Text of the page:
Malawi education body to de-campaign MPs for ignoring Education Bill

The Civil Society Education Coalition (CSEC) said it will mount a massive campaign against political parties and MPs who continue to negate their responsibility in supporting the long awaited revised Education Bill of 2010.

“If MPs drag their feet, and accept to see Malawian children not be given what they deserve… it means that they are undermining the very purposeful intention of their election into the House as ambassadors of the people,” CSEC Executive Director and Commissioner Benedicto Kondowe said.

He said Malawians cannot continue to suffer in silence and allow MPs peddle politics day in and day out saying MPs as is the case with government need to have peoples’ interest first.

CSEC is an alliance of over 81 local and international non-governmental organizations that have voluntarily come together in pursuit of quality education in Malawi.

Kondowe: We want the education bill to pass

Kondowe: We want the education bill to pass

CSEC submission

According to CSEC submission Malawi’s education sector is still governed and guided by the 1962 Education Act which evolved before independence and propagated government’s absolute monopoly

“The 1962 Act addressed white colour jobs hence not culturally sensitive i.e. cultural integration, new job market requirement, growth in informal sector, lifelong learning. To date, fails to appreciate the evolving context in which education is implemented,” reads part of the submission.

CSEC also pin pointed legal challenges relating to operation under the 1962, Act such as the absence of aregulatory framework for implementation of free and compulsory Primary Education, no clear mandate to register and supervise Private institutions, no regulation of Teachers Training Colleges, no strict obligation for private schools and Colleges to recruit licensed and registered teachers and no standards to guide Minister in refusing to register a private schools

The watchdog leaders met the Legal Affairs and Education Committees of Parliament last week where it vented its anger on delays by Parliament to pass the bill.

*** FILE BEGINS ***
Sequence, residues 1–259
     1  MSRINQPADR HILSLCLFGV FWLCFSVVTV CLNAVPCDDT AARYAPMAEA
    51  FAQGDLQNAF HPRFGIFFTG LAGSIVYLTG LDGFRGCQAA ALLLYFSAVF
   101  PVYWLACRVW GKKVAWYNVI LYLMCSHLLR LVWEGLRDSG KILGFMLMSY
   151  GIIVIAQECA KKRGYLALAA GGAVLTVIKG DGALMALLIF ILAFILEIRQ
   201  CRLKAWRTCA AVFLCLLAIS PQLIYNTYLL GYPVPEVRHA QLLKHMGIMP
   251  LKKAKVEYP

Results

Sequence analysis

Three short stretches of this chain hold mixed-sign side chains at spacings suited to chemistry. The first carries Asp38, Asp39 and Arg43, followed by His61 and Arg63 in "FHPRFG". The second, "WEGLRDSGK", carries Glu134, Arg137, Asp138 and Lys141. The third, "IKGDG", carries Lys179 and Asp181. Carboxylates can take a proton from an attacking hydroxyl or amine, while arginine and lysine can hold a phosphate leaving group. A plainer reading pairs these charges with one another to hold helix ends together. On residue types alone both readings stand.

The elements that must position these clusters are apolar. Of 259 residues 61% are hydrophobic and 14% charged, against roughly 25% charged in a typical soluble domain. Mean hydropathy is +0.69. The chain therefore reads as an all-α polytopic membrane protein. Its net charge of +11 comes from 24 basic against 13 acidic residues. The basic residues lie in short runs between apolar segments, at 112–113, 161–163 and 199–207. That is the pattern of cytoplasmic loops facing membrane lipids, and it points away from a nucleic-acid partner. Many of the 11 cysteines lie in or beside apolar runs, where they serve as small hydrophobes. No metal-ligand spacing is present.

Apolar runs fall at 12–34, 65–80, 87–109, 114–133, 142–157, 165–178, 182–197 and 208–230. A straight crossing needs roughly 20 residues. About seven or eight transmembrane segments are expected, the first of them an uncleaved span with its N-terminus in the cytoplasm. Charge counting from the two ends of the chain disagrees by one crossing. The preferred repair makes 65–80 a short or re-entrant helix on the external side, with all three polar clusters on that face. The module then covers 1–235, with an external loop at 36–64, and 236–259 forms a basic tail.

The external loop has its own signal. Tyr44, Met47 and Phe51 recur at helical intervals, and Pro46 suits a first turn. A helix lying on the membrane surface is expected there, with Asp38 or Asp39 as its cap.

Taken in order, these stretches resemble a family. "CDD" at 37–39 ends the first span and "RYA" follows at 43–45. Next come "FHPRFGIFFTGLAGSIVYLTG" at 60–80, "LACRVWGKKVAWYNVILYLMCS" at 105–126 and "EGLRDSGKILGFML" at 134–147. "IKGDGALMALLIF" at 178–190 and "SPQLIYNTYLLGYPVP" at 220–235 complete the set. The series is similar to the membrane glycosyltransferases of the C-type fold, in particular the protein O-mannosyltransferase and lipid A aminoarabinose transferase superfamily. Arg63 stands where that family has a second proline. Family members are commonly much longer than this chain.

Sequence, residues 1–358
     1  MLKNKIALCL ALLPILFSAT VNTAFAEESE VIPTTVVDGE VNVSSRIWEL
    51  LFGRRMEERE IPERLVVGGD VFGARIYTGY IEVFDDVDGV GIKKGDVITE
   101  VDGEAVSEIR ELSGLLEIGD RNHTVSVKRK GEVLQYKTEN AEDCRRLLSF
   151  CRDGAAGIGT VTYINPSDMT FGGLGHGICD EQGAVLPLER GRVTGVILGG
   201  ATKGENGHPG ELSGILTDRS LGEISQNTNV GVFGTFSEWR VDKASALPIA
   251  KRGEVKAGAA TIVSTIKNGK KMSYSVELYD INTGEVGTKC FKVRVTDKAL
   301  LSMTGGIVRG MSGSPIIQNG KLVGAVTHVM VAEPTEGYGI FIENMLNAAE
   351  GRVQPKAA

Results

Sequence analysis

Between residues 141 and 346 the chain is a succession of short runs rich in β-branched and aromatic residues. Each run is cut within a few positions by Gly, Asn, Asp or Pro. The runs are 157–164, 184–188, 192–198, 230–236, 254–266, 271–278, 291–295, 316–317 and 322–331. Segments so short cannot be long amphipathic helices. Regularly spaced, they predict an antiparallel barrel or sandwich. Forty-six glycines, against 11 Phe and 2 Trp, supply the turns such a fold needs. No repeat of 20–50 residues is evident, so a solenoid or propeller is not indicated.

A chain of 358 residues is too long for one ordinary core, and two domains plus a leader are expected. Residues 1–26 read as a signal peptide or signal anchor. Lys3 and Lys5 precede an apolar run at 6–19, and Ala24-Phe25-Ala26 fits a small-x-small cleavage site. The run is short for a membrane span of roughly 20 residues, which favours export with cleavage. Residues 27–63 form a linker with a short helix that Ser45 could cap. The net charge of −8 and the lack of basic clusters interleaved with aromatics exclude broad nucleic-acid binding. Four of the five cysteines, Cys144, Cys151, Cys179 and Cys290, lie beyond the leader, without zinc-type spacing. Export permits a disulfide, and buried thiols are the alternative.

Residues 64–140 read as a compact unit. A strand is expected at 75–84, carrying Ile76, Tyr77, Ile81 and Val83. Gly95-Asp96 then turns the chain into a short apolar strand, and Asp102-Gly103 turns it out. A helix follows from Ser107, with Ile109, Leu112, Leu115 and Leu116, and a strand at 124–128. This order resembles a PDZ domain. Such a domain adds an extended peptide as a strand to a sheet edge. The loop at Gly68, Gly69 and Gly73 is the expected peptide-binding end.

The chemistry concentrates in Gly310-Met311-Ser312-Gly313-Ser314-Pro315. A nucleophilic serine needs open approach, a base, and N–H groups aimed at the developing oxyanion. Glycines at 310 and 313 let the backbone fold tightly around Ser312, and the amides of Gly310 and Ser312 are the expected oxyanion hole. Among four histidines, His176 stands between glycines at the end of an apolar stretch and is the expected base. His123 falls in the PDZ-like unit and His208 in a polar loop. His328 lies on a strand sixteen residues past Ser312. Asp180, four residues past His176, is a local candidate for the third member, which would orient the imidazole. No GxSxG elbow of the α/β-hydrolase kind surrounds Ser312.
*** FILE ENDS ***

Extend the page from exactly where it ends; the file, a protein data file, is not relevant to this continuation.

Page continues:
“We therefore appeal to them to deliberate the Bill and incorporate all key missing links within the current seating of Parliament. We also urge Malawians across the country to hold their MPs accountable and if not, chuck them out come 2014,” Kondowe said.

But Legal Affairs Committee Chairperson Kezzie Msukwa told the media that the Bill will be passed but only after careful scrutiny.

Kondowe said it is evident that politics has marred the Bill as opposition parties want to use the Bill as bait to overstretch its majority in Parliament.

He said scoring a political point on the Bill which has not been revised since 1962 is bad or chauvinistic politics.

“As an institution, we believe that progressive politics calls for accountability to the people for which political parties in the House are expected to practice constructive politics,” he said.

Kondowe blamed MPs for failing to draw a distinct between content and operational issues in the Bill.

“Most of the arguments that they are advancing relate to operation or methodology in which a decision has to made whether such elements undermine the intent of the law.

“It must be made known the Minister is given powers under Section 112 to formulate plans and guidelines to address operational issues which are important but may not be include in the legislation itself for the achievement of the law intention,” he said.

Parliament continues its deliberation on mid-term budget review in the capital Lilongwe this Monday.

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